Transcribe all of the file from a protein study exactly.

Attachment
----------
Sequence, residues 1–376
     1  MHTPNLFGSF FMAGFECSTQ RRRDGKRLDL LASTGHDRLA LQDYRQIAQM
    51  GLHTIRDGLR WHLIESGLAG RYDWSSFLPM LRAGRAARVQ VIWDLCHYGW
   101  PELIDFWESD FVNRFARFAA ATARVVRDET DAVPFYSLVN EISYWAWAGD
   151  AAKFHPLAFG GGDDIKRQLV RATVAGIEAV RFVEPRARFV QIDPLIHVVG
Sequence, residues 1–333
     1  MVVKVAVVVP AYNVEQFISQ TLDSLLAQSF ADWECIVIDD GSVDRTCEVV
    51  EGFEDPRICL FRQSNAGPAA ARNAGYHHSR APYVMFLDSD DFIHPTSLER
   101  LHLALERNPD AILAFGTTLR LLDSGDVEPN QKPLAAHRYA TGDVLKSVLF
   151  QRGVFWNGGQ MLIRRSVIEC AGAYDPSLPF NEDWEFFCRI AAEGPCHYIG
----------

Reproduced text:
Sequence, residues 1–376
     1  MHTPNLFGSF FMAGFECSTQ RRRDGKRLDL LASTGHDRLA LQDYRQIAQM
    51  GLHTIRDGLR WHLIESGLAG RYDWSSFLPM LRAGRAARVQ VIWDLCHYGW
   101  PELIDFWESD FVNRFARFAA ATARVVRDET DAVPFYSLVN EISYWAWAGD
   151  AAKFHPLAFG GGDDIKRQLV RATVAGIEAV RFVEPRARFV QIDPLIHVVG
Sequence, residues 1–333
     1  MVVKVAVVVP AYNVEQFISQ TLDSLLAQSF ADWECIVIDD GSVDRTCEVV
    51  EGFEDPRICL FRQSNAGPAA ARNAGYHHSR APYVMFLDSD DFIHPTSLER
   101  LHLALERNPD AILAFGTTLR LLDSGDVEPN QKPLAAHRYA TGDVLKSVLF
   151  QRGVFWNGGQ MLIRRSVIEC AGAYDPSLPF NEDWEFFCRI AAEGPCHYIG